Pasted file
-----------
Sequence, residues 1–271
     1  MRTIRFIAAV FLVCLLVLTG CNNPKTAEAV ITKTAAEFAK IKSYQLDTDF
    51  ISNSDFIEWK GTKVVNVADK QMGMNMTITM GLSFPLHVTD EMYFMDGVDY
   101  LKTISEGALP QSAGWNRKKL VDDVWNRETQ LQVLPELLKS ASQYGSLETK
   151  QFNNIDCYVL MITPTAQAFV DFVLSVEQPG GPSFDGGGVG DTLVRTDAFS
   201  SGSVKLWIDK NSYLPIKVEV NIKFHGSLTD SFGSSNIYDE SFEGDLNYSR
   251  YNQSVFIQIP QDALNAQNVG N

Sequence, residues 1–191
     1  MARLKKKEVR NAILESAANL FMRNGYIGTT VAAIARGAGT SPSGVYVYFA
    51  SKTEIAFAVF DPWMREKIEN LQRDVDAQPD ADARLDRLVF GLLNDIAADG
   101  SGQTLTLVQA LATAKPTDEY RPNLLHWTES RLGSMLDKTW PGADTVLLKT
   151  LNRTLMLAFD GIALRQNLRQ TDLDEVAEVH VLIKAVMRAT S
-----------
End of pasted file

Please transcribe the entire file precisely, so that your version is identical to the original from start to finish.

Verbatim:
Sequence, residues 1–271
     1  MRTIRFIAAV FLVCLLVLTG CNNPKTAEAV ITKTAAEFAK IKSYQLDTDF
    51  ISNSDFIEWK GTKVVNVADK QMGMNMTITM GLSFPLHVTD EMYFMDGVDY
   101  LKTISEGALP QSAGWNRKKL VDDVWNRETQ LQVLPELLKS ASQYGSLETK
   151  QFNNIDCYVL MITPTAQAFV DFVLSVEQPG GPSFDGGGVG DTLVRTDAFS
   201  SGSVKLWIDK NSYLPIKVEV NIKFHGSLTD SFGSSNIYDE SFEGDLNYSR
   251  YNQSVFIQIP QDALNAQNVG N

Sequence, residues 1–191
     1  MARLKKKEVR NAILESAANL FMRNGYIGTT VAAIARGAGT SPSGVYVYFA
    51  SKTEIAFAVF DPWMREKIEN LQRDVDAQPD ADARLDRLVF GLLNDIAADG
   101  SGQTLTLVQA LATAKPTDEY RPNLLHWTES RLGSMLDKTW PGADTVLLKT
   151  LNRTLMLAFD GIALRQNLRQ TDLDEVAEVH VLIKAVMRAT S